The centerpiece of the restoration is the re-creation of the enormous skylight, an undertaking that required 39-foot-long panes of glass to be maneuvered into place by hand. Dunn presents the refurbishment of the underlying laylight almost as a single take, following the structure as it is fleshed out from a stripped-wood ribcage to a sunlight-suffused canopy. Accompanied only by mandolin music, the sequence achieves a beautifully heightened reality. “I edited with a nonlinear editor,” says Dunn. “It wasn’t really scripted, the program was organized in the editing room. It was a very organic process.”

Flood of Light received a generous $25,000 in underwriting, and is the first WMHT video to be available on DVD in addition to VHS. “They make a little money, and they generate local interest—the viewers really do enjoy these programs,” Dunn enthuses. “The Iron Horse in Schenectady did very well, and the Historic Views series did well, and they do well cumulatively. Historic Views of the Capital City has legs, in terms of they still use it during the beg-a-thons.” He adds: “They also get funding, and that certainly takes care of direct costs.”

Responding to the question of the cost-effectiveness of eliminating a revenue- generating position, Dunn waxes philosophical. “Not only do the programs generate income, but I feel they help in fulfilling the mission of the station, which is to provide good-quality local programs. A lot of the stations in the country never had the money to do this stuff; what they do is just show what PBS gives them, and they don’t even have a local production department. In my 18 years [at WMHT], I kind of created a niche for myself: I’m the man who does the local documentaries. But the thing is, these things take a long time. And I’m very conscious of quality control, I can’t just slap it together. Apparently, the company can’t support that, because they have to pay me a salary.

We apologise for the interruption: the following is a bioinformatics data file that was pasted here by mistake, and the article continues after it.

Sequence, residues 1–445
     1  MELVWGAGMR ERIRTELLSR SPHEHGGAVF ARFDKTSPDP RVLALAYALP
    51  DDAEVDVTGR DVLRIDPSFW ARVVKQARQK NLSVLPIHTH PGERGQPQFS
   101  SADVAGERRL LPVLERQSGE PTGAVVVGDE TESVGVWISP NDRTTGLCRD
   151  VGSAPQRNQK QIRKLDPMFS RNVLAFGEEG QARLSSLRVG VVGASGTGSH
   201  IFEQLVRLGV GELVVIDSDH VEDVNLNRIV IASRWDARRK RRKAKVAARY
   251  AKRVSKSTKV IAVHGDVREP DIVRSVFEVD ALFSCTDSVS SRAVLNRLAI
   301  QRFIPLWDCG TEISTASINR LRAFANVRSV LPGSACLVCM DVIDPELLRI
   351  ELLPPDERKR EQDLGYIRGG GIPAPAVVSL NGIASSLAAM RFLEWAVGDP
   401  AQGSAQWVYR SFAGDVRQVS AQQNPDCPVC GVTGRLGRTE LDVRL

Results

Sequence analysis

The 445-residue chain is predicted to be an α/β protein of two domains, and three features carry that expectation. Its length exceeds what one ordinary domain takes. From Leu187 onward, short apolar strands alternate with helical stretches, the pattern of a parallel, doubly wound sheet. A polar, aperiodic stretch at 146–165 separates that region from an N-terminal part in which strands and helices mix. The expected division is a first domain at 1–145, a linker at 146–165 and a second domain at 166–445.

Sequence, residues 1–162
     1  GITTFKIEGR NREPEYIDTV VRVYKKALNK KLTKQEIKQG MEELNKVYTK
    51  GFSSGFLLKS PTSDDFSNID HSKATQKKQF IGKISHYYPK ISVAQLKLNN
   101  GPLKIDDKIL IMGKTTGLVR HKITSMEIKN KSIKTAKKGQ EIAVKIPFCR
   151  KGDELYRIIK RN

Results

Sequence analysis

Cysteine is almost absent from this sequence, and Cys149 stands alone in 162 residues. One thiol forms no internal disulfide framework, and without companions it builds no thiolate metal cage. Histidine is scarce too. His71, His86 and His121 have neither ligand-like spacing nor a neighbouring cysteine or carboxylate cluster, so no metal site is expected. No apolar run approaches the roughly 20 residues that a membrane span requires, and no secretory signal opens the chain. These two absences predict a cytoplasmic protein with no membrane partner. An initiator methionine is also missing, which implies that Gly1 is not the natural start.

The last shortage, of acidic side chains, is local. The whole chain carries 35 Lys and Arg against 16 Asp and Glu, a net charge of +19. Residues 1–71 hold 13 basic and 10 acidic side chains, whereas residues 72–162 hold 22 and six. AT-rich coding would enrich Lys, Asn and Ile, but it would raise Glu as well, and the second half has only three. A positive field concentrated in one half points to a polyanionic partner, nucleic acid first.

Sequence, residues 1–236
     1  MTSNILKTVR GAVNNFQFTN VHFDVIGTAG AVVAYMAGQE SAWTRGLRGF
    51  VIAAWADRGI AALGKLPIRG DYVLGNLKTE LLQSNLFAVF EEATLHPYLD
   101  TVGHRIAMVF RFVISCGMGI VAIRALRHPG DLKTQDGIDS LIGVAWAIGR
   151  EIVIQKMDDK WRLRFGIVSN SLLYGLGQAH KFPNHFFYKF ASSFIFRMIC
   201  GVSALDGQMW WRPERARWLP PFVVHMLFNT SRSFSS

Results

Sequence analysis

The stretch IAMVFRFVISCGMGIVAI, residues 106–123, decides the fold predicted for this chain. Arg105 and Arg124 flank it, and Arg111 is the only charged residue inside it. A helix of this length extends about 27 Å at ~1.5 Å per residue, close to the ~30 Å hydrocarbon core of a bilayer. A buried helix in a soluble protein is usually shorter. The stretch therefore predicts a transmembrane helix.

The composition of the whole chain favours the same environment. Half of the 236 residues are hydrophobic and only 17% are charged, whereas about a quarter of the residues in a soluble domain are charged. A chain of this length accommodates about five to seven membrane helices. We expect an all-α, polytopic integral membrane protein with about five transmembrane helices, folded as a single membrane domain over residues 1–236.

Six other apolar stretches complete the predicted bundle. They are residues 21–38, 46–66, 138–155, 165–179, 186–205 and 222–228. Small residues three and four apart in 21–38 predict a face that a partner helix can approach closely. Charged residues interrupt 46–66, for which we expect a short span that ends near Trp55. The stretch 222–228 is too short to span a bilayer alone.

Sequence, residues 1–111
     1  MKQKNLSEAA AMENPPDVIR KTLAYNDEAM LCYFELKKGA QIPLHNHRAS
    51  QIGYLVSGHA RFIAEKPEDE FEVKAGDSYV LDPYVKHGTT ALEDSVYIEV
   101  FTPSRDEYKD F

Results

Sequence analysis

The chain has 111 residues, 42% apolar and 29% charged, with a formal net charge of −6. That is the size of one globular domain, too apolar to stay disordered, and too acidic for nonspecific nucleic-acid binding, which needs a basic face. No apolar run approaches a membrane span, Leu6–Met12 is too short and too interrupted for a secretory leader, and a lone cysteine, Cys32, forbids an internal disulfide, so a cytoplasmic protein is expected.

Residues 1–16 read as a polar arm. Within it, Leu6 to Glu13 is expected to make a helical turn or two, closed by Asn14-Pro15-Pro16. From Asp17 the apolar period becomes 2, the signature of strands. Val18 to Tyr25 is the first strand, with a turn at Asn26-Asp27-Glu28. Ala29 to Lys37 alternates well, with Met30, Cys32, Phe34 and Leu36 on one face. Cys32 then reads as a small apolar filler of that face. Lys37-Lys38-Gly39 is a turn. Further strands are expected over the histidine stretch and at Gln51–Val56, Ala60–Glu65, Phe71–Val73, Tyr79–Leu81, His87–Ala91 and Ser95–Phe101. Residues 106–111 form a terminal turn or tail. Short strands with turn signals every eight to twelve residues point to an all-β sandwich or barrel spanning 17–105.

“So how profitable are [the documentaries] in reality? I don’t know. But,” he emphasizes, “they do provide something of value to the community.”

Considering the architectural, historical, and artistic merits of Flood of Light, it’s conceivable that the video will be very profitable indeed. “I have no idea how this one will do, it’s hard to call,” say Dunn. “I hope it makes money.”